On Knowing Your Worth (and Betting on it)

November 22, 2011

This post was written by  Ega Jones, who is just one of my absolute favorite bloggers. I feel really honored to have her permission to reprint it here for all of you.

Let me tell you something about the world that I tried desperately not to know, but was forced to learn.

No one else will believe in you, or invest any time or money or love in you, if you can’t tell them honestly and confidently how much you’re worth. Self-deprecation gets you nowhere. Modesty is for the birds. If you want anyone to take a chance on you, you have to show them that you’d be willing to take the same chance.

Let’s try a hypothetical situation. You are an unemployed, over-educated recent college graduate. Finding work is next to impossible, so you take what you can get. You’re paid minimally. You’re respected minimally. You work your butt off and people grow to trust you to do their menial tasks; they show their appreciation. You think that means that maybe they might want to pay you more, to promote you, to place some faith in you.

So, you wait. You keep working hard and being appreciated and underpaid and underused. Here’s the thing: Waiting, while sometimes necessary and inevitable, will never, ever just magically lead to the thing you want the most.

You have to do it yourself. You have to look at yourself honestly and think about what you’re worth. Think about what you give, what you bring, what you mean. Then, you have to speak it out loud. You have to gamble on yourself. Because if you don’t, who the heck will?

There’s a risk to this, or the fear of one—the risk that you’ll say “This is what I bring to the table and this is what I want and deserve,” and that someone will shoot you down and tell you that you’re not worth that much or that they can’t give you what you want. You might have to shut it down and walk away. Your feelings might get hurt. But that’s kind of the point—to stand strong in yourself and know deeply and fully how much you are worth, and to breeze past anyone who doesn’t get it.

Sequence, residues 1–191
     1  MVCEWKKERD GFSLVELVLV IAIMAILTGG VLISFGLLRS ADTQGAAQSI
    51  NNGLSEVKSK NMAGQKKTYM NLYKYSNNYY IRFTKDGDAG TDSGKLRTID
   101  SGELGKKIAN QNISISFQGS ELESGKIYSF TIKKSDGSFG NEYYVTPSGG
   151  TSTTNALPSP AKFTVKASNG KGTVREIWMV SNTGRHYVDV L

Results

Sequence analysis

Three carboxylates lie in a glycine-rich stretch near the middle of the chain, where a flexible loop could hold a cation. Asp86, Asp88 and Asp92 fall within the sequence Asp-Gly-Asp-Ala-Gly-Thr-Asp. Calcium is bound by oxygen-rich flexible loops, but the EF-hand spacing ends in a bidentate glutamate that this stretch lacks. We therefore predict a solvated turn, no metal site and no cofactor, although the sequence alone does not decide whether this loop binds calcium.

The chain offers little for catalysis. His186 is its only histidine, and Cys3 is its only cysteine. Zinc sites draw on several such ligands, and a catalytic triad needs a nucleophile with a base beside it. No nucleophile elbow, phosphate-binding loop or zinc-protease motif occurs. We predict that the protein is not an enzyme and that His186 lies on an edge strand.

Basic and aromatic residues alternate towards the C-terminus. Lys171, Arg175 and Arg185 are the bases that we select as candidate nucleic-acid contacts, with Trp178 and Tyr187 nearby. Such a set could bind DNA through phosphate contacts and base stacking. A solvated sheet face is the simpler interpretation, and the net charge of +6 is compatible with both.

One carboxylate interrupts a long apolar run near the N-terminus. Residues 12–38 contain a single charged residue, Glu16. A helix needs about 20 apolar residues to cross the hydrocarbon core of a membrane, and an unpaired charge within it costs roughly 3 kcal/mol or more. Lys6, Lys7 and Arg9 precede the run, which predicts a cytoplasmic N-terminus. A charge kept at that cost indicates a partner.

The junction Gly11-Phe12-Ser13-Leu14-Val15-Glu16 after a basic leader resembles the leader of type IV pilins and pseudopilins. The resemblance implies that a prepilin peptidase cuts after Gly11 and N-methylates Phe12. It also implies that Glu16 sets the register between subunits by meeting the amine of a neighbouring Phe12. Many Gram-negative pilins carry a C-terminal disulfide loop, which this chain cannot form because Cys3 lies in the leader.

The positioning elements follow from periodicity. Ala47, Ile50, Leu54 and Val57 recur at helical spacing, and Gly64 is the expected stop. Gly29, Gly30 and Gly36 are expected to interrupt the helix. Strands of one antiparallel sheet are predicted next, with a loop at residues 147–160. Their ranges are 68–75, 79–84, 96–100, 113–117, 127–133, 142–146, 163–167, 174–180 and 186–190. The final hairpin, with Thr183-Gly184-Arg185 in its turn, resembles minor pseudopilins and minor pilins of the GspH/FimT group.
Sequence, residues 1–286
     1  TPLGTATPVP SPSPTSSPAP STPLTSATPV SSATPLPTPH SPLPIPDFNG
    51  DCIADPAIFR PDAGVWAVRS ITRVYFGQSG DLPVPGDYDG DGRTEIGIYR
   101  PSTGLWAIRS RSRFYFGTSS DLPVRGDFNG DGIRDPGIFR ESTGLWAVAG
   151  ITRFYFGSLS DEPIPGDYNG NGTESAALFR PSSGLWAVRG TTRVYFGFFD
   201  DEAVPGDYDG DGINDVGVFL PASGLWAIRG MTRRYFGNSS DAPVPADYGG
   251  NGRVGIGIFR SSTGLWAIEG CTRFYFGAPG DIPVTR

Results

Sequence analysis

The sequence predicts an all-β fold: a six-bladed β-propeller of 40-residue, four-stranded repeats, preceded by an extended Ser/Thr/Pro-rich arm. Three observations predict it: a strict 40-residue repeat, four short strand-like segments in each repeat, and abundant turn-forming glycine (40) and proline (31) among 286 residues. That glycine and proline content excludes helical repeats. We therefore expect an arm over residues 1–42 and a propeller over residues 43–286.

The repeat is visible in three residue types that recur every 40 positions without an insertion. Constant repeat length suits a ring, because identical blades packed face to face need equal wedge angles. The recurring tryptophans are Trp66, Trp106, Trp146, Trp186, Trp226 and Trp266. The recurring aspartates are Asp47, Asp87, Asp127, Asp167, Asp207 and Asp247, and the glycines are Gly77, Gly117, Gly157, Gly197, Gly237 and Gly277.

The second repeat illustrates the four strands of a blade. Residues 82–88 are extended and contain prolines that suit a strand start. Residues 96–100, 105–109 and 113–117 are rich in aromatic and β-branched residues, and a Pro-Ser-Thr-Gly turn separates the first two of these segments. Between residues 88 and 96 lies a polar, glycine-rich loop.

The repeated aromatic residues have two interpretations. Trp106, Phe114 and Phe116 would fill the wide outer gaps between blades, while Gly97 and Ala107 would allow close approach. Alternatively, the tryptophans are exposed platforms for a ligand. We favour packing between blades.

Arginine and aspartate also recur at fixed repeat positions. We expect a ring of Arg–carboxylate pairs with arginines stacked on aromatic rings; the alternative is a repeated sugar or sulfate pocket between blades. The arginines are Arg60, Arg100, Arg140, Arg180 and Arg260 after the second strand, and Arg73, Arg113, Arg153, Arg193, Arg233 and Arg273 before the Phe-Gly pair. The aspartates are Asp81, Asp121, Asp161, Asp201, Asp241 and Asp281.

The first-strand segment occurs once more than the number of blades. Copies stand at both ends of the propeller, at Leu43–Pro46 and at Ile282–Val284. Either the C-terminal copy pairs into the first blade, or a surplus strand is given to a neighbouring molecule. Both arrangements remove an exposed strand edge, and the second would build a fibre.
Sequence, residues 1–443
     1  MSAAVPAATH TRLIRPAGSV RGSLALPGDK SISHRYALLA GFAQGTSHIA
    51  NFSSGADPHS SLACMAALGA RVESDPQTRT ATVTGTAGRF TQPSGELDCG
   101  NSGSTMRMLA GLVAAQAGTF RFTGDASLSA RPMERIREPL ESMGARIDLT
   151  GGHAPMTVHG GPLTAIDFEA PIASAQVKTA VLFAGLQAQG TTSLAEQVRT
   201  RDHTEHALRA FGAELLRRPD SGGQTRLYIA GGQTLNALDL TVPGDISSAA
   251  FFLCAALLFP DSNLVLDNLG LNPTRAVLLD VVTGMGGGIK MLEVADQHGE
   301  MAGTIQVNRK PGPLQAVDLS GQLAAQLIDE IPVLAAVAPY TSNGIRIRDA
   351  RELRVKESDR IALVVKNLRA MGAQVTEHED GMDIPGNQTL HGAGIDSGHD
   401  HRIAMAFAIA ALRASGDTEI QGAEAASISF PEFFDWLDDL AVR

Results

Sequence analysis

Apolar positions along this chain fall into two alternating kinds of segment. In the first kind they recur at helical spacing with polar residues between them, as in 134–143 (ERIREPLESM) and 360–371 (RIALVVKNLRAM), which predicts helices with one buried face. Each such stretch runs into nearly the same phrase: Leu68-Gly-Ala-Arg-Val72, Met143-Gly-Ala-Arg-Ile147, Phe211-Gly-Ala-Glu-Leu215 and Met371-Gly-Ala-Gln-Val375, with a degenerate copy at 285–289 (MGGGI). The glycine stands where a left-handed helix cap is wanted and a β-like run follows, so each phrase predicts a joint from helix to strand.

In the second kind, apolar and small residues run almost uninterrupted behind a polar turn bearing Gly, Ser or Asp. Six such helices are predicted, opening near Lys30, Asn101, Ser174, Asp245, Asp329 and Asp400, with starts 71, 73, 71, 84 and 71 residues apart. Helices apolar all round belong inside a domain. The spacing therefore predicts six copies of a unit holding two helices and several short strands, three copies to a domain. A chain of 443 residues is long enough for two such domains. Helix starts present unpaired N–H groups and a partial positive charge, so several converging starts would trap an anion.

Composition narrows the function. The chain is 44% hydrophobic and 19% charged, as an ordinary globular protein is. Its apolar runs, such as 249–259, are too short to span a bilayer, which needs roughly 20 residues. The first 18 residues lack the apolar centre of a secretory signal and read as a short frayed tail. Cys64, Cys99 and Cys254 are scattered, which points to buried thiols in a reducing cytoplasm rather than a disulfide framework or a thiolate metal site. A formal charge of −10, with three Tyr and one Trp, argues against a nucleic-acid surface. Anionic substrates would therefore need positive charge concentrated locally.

I feel like Georgia O’Keeffe really excelled at this.

If you’re not betting on yourself, if you’re not saying, “I’m worth more than this and I want more than this,” you’re in trouble. If you accept whatever comes your way, then that’s precisely what you’ll get.

You are a force to reckon with. You are someone to watch. The only person who can really know this is you. Your work, as a person, is to make everything you say and do speak to how fabulous you are. No one else can or will do that work for you. I used to think that my sense of self worth could somehow be gifted to me by other people, but the real, hard truth is that other people take their cues from you. It all comes from you.

When I figure out how to actually do this, I’ll be sure to let you know.

Ega Jones writes about the stuff that keeps her up at night, which, likely, are also the things that keep YOU up at night, and, thus, worth a read. I feel extremely grateful that I came across her site and I highly recommend that you “like” her on Facebook and follow her on twitter. Her writing is real and sensible and incorporates all of the things you really need someone to say out loud about your life.